A Father and Sunoco

Sometimes a simple place can stir the sweetest of memories. 

30 miles east from Pittsburgh, on Route 76 East, there’s a non-descript Sunoco station. I stopped there tonight, on-route to Philadelphia. I often do, when I take this trip, because it reminds me of a night I will never forget. 

March 13, 2014. JP was 10 years old. I stopped at this station at about 11 pm that night. JP was asleep in the back of the car, fully extended, from door to door, as little kids can do. He was in a little sleeping bag, with pillows beneath his head. I was desperate to make good time. He was playing in US Nationals the next morning at Princeton University. We still had 5 hours to go. His match was at 9am. Yes, we would be arriving around 4am.

What kind of planning was this? 

Well, 6 hours earlier we were on a plane to Princeton. We were in the air. But one of the engines malfunctioned. They had to turn around 20 minutes into the flight, land the plane and try to fix the problem. 45 minutes later they said it was unsolvable – on this night anyway. The plane was grounded. Flight cancelled. And we couldn’t find a workable alternative. 

So at 6pm we re-routed for ground transport. A long drive to Princeton, NJ. We zipped home. Loaded the car with things that would help JP sleep and took off, on the road, for Princeton. Somehow I would get him there. 

“Go to sleep,” I said, sometime around 8pm. “I’ll wake you up when we get there.” Not quite knowing how I would manage the 8 remaining hours in the dead of night. 

But squash was JP’s great love. Competing at US Nationals was something for which he had worked for years. Winning it was a dream. This year – the U11 Nationals – he had a shot of winning. I wasn’t going to be the one not to believe in his dream. 

So we zoomed toward Pittsburgh, without a stop, passed below its southern edge, and kept heading east. 5 hours into our drive, I found this road-side Sunoco station. The kind that are right off the highway: easy off, easy on. I needed gas. Fast. JP was sound asleep. He didn’t notice a thing. I fueled up the car and got back on the road. Somehow I made it to our hotel by 3:45 am. Transferred him to the bed. Woke him around 7. To the courts by 8. He played his first match played in a kind of slumber. But he made it through.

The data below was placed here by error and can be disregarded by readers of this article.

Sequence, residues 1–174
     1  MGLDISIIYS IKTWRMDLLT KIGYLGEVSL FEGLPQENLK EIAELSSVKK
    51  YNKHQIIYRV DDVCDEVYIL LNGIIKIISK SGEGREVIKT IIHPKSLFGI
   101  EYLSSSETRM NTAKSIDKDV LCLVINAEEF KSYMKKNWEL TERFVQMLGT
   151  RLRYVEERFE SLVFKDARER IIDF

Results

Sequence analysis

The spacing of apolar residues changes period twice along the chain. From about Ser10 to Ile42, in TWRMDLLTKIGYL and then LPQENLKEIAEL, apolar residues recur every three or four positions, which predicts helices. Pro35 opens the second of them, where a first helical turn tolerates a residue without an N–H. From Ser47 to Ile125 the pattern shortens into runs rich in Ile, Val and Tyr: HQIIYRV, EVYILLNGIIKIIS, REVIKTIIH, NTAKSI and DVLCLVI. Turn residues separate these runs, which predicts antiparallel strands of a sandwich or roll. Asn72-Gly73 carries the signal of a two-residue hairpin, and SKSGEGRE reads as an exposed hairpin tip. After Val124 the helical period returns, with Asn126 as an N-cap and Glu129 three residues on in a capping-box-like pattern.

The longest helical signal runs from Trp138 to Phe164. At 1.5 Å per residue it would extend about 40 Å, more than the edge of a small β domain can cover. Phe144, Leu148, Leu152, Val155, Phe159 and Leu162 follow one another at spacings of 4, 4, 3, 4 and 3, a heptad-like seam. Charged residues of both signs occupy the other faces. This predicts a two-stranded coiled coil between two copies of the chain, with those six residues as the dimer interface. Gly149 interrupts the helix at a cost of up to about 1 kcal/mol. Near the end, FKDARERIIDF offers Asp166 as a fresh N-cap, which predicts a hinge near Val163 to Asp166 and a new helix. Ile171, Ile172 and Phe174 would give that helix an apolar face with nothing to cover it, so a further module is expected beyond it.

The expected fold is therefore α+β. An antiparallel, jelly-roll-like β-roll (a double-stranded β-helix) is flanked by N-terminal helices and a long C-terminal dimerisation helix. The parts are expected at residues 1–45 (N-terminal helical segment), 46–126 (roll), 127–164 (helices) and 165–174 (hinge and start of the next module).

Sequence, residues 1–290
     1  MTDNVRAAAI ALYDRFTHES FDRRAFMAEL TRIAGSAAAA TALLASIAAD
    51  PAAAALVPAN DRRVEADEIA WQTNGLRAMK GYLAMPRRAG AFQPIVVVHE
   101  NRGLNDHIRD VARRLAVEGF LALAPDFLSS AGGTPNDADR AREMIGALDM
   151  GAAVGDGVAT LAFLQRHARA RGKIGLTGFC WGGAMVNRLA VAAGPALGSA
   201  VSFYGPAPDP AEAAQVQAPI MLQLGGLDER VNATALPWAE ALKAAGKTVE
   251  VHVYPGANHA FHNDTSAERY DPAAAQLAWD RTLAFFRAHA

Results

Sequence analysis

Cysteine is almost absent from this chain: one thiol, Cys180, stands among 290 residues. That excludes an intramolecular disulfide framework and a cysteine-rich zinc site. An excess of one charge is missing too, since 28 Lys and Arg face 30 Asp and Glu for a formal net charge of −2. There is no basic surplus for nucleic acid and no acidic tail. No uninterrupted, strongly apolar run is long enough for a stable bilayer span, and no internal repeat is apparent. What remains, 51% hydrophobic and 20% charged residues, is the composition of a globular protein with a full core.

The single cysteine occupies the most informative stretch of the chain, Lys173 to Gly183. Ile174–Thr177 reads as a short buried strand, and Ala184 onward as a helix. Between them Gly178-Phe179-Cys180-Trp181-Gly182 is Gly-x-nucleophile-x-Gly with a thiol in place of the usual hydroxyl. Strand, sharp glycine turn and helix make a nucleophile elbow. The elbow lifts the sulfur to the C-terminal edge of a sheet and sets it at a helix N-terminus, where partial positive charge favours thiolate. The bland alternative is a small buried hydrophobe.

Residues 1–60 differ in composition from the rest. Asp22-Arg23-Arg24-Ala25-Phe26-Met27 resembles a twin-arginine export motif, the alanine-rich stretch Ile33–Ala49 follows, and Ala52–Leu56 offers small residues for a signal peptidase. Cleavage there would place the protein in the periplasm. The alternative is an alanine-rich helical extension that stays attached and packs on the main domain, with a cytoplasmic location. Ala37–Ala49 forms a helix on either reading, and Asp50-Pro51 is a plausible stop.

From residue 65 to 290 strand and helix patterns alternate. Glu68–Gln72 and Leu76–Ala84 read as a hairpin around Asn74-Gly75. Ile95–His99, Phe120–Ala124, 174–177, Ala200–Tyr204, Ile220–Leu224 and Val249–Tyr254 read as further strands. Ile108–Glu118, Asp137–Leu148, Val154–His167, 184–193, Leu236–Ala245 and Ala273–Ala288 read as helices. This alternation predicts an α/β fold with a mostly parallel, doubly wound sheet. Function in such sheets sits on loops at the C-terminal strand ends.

He made it through every match that weekend, with increasing confidence and expertise. He won his first US Nationals, with a feathered, top-spin forehand drop on match ball, after a long and grueling point. It was worth the trip. It cemented a life-long passion.

Tonight I am on the way to another Nationals. JP’s first Collegiate Nationals. He’s a Freshman and this is the individual Intercollegiate Nationals – as opposed to Team Nationals which took place last weekend. Only now my son is not in the back of my car. He doesn’t need me to pave his way anymore. To get him from place to place. To make sure he rests. To think about his food. To prep him for his matches. To coach him.

He has coaches for that. He has a team.

This tournament I’ll be up in the stands, quietly watching as JP goes about the game he loves. Going about it, like he now approaches the game of life, with ever growing independence. He’ll rise without me. Prep without me. Warm up without me. Be coached by someone other than me. Win without me. Lose without me. 

It’s a kind of rite of passage that has been happening all along this year, that was beginning even last year, as a Senior in high school, living with increasing independence. It’s a good thing.

But still: the contrast struck me with a kind of poignancy as I pulled into that Sunoco station tonight. 

I fueled my tank beneath the phosphorescent lights and felt a pang for the old days. Those days of close togetherness and tenderness. Father and son. He needed me then. He looked to me. He counted on me. 

I think: once that little boy was tucked in the back of my car, a tired bundle of total trust that his Dad would pave his way for him. But now he paves his own way.

There is something I miss about those old days; something I miss about that long lonely drive, that March night in 2014, that night that was powered by the urgency of young fatherhood. 

But there is also something marvelous about coming here to watch my son continue to flower as a young man. Something that long drive to Princeton somehow helped to further. 

Alas, I cannot pause the march of time. But I can sit back, in the flow of it, and love what I see. I can take my seat in a new story.

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